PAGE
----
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Monday, September 17, 2012


I've got a question for all of you reading this right now. How far have you gone in order to land yourself a job?

Seriously...have you gone out of your way in order to land your dream job?

I imagine that most of us have at some point, particularly in recent years with the economy being the way that it is. We all have tried to do something that makes us stand out more from the competition.

I know that I have tried to do that whenever I have applied for jobs in the past. I'd always try to jazz up my resume so that it would stand out. I wrote cover letters explaining why I wanted the job. I even wore my best clothes to job interviews because I wanted to make the best impression possible. Sometimes it worked, and I ended up getting hired, and sometimes it didn't exactly work. But the important thing is that I did try. And I'm sure that when another job opportunity comes along, or whether I have to have an interview in regards to reapplying to college, or something else along those lines, I will likely do my best to try to stand out. After all, I have to keep telling myself that I have just as much of a shot as anyone else to do the best job possible.

But there are some instances in which people sometimes go above and beyond what is expected of them in order to land that dream job. I have heard of some people using social media in order to get the job of their dreams...using sites such as Twitter or Facebook to get their names out there. In yesterday's blog, I talked about Taylor Swift and her road to success, and one detail I forgot to mention was that she actually used her MySpace profile as a promotional gimmick to help her land concert gigs. Granted, MySpace in 2012 is about as current as the 8-track tape player, but back in 2006, it was a decent tactic. I've also heard of people buying ad space online to promote the company that they want to work for. I've even heard of people setting up demonstrations in front of the building of the place they want to work for to round up business, and it has actually worked out for them. But, I warn you...if you want to go that route, you may want to check the legality of it so that you don't end up getting put in jail for trespassing.

And then there's the idea that a man by the name of Michael Dorsey came up with. He ended up having a very difficult time finding work in his industry (largely due to his demeanor), and he was at his depths of desperation. What he ended up doing was something that was incredibly bizarre, but incredibly creative...and in the process, he learned a lot more about himself.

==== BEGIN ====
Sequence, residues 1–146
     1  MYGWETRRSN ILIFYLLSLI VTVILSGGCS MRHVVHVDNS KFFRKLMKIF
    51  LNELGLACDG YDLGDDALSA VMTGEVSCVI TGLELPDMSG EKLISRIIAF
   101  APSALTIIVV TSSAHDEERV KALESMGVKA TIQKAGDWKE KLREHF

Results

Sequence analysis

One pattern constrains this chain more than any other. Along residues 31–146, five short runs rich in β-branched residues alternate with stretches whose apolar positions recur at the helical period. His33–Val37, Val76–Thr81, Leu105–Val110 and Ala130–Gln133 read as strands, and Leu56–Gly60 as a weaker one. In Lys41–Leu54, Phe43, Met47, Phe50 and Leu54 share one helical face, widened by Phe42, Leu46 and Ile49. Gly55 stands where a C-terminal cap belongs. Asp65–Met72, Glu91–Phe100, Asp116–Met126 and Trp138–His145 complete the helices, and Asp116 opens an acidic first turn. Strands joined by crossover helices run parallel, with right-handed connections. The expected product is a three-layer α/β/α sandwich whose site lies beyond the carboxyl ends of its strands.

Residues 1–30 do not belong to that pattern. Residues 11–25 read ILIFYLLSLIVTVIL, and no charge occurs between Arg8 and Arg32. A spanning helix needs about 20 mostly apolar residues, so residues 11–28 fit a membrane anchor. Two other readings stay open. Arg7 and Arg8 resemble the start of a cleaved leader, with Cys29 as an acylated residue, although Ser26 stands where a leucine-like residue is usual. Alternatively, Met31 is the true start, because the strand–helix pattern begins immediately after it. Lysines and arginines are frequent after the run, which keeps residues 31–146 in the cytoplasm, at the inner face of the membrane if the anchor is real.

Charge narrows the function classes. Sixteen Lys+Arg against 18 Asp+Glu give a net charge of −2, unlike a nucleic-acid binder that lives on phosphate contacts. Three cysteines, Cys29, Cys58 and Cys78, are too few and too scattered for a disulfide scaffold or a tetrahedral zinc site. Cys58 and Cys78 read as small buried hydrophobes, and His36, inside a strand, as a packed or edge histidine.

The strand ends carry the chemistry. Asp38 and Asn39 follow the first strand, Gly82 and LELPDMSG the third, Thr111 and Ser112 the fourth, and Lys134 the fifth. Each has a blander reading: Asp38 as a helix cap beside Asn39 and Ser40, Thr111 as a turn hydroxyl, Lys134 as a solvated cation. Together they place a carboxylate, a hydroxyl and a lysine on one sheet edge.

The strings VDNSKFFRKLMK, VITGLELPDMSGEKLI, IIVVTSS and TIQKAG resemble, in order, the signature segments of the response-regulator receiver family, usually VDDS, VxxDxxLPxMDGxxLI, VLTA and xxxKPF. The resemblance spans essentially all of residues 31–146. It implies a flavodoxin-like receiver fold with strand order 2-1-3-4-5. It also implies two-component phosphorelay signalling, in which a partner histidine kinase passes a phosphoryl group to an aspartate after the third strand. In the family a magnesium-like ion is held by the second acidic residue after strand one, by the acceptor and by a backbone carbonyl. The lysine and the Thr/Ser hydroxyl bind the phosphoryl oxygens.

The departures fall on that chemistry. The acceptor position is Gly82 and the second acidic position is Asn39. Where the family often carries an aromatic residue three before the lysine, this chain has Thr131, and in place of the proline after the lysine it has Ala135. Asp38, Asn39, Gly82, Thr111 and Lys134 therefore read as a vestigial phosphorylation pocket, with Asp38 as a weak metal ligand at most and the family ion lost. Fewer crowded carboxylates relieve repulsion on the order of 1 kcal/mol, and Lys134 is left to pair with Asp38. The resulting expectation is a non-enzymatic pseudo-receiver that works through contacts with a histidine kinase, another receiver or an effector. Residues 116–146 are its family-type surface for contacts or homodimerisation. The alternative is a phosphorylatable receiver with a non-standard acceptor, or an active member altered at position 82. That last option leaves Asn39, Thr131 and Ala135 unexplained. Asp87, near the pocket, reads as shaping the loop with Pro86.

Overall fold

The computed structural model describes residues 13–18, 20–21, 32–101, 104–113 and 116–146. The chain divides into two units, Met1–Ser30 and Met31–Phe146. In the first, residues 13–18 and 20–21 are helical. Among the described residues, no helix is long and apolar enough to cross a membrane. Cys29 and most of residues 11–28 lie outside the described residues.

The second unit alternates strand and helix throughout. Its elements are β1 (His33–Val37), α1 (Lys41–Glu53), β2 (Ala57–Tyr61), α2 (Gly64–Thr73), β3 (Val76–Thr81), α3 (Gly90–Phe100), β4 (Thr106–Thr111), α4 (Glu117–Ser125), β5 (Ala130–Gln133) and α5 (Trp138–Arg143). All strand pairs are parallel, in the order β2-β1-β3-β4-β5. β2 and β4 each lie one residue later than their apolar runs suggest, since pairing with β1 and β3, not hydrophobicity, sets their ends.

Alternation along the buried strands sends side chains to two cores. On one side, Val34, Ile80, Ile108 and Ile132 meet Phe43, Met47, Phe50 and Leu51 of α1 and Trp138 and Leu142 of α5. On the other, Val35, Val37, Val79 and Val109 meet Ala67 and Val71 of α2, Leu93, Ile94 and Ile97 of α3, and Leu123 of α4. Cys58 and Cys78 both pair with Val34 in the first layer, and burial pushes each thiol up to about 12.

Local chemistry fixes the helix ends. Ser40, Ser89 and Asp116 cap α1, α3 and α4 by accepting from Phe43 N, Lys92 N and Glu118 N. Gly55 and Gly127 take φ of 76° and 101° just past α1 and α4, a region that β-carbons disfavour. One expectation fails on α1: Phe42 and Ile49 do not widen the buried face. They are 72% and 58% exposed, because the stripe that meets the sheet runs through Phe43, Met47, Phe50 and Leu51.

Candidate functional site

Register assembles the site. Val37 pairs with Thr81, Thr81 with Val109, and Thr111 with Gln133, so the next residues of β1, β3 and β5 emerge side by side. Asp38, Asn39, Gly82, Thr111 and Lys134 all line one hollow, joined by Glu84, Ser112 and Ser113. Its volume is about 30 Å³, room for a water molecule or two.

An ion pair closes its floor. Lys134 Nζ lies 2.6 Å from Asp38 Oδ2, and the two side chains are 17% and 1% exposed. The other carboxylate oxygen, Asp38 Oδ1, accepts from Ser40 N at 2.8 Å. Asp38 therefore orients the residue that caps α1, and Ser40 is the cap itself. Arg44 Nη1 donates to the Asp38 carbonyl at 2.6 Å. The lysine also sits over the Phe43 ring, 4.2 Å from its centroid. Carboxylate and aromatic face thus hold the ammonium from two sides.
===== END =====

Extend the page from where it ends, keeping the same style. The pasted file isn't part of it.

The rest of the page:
I should note that Michael Dorsey is a fictional character in the Monday Matinee feature that we will be discussing in this blog today. But what a character he was. He was larger than life, had creative genius...and looked good in a red sequined dress?!?

Yes, the movie that we're going to be looking at is the classic film “Tootsie”, which starred Dustin Hoffman, Jessica Lange, Dabney Coleman, Teri Garr, and Bill Murray.

Released on December 17, 1982, “Tootsie” was a movie that was produced and directed by Sydney Pollack, and was adapted by the team of Larry Gelbart, Barry Levinson, Elaine May, and Murray Schisgal (though Levinson and May were uncredited in the film's credits). It seems hard to believe that this movie was released thirty years ago, but a lot of people still have fond memories of this film.

And why shouldn't they? It was one of the few movies made within the last three decades that the United States Library of Congress deemed “culturally significant” and which was selected for preservation in the National Film Registry. The movie made over $177 million dollars during its initial screening, making it one of the most successful films of 1982. The movie was ranked by the American Film Institute as the second most funniest film of all time, earned ten Academy Award nominations, and one Academy Award win for actress Jessica Lange.

Tootsie” begins in the city of New York where we're first introduced to Michael Dorsey (Hoffman). His occupation is that of working actor, but his overinflated ego causes him to see himself as a thespian in the making. Initially, Michael had no trouble finding acting jobs, but he had one Achilles heel that prevented him from moving forward with his career.

He was a pain in the butt to work with.